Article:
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I came across this problem when reviewing previous AMC tens.

Let S be a square of side length 1. Two points are chosen independently at random on the sides of S. The probability that the straight-line distance between the points is at least $1/2$ is $(a-b\pi)/c$, where a, b, c are positive integers with gcd(a,b,c) = 1. What is $a+b+c$?

I know two solutions for this problem can be found on AoPS. In particular, I was looking at the second solution. I don't get how they get that the region has an area of $1/4$, or how they get the areas for the other regions.

Here is a link to the problem: http://artofproblemsolving.com/wiki/index.php/2015_AMC_10A_Problems/Problem_25

Thanks

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It is unclear from your question, what problem do you encounter, but I guess, since the solution uses the graphic inuition, then the problem lies in the lack of images.

Let's take the first area. If $a,b$ lie both on x-axis, the distance between them is $|b-a|$. However, I agree with the authors, that it's hard to see when $|b-a|>1/2$ without some graphics. So let's map them into a point in the unit square. The notation is slightly abused, but in fact we map points $(a,0),$ $(b,0)$ to a single point $(a,b)$ and check for which $(a,b)$ belonging to the unit square the desired inequality holds. The picture is as follows (the horizontal axis is for $a$, the vertical is $b$) and it is quite clear, the area is $1/4$:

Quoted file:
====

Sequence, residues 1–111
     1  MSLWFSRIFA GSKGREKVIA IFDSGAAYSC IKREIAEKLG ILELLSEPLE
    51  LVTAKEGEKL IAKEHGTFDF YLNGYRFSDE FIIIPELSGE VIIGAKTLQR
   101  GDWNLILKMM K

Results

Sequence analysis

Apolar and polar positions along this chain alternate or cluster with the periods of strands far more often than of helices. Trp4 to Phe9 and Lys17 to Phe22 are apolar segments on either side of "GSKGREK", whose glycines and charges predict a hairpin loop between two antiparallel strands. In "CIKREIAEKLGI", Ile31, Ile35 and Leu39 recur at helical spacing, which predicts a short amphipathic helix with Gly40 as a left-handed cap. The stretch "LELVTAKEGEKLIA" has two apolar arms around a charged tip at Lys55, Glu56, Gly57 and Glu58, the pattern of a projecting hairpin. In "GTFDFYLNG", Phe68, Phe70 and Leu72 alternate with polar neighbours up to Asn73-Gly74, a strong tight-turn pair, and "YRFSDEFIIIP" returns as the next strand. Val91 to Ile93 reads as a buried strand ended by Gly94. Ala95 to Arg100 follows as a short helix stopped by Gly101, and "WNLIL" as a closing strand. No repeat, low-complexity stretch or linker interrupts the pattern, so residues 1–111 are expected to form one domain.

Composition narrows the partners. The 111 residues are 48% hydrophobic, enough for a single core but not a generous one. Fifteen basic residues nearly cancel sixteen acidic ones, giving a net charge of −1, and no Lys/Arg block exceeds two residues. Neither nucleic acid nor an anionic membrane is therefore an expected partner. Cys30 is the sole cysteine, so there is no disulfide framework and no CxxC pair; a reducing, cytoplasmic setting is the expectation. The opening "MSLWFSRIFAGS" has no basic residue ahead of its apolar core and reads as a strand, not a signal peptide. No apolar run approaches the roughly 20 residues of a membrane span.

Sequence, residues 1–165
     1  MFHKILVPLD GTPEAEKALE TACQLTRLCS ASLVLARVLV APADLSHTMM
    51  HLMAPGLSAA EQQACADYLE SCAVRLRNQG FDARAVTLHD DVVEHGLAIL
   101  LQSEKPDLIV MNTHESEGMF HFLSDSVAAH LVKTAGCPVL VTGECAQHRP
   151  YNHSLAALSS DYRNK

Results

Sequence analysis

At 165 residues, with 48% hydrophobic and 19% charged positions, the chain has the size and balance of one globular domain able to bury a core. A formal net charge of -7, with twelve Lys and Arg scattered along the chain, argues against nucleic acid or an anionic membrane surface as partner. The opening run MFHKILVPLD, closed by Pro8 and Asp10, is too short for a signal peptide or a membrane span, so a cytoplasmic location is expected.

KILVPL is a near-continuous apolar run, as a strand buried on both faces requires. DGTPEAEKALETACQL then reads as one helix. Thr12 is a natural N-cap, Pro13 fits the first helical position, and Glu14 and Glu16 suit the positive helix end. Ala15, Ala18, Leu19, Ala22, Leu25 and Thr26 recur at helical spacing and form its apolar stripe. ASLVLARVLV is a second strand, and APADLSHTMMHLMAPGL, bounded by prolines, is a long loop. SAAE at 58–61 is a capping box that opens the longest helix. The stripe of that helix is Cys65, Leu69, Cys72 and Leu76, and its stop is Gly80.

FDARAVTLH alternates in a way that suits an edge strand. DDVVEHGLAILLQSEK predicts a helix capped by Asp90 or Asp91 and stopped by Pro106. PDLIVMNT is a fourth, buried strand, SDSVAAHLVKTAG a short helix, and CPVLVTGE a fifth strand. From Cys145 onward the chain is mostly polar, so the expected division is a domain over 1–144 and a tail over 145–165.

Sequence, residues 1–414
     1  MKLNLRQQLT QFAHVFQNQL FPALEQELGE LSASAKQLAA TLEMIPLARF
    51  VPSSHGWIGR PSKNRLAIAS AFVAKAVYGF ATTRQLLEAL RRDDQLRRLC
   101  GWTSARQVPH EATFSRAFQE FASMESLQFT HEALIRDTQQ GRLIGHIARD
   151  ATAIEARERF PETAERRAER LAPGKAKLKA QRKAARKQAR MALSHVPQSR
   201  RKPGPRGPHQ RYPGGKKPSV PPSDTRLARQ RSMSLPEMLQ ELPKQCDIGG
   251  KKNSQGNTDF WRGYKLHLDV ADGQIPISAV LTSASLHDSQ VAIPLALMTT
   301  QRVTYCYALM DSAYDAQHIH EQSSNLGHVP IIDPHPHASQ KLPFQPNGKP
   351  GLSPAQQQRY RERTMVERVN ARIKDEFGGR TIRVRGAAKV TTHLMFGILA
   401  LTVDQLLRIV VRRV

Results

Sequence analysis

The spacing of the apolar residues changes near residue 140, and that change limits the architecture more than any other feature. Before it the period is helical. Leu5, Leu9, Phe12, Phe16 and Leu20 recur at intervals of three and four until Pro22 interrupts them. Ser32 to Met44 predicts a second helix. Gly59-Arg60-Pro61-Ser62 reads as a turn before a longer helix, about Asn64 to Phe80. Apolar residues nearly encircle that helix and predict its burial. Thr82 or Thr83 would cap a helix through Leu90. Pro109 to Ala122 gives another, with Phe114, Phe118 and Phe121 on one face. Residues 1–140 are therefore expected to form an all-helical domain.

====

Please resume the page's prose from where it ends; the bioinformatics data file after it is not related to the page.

points (a,b) for which |b-a|>1/2.

The second case is analogous. You know the distance betwen points $(a,0)$ and $(0,b)$ is $\sqrt{a^2+b^2}$. To answer the question when $\sqrt{a^2+b^2}>1/2$ graphically, you need again to map the points into a single $(a,b)$ point in the unit square and get the following picture: enter image description here

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  • $\begingroup$ Nice answer, nice graphs. Can I ask what program you used to make the graphs? $\endgroup$ – quasi Feb 13 '17 at 21:25
  • $\begingroup$ Sure. I used on-line simple tool called Desmos. $\endgroup$ – Joanna F Feb 14 '17 at 8:06

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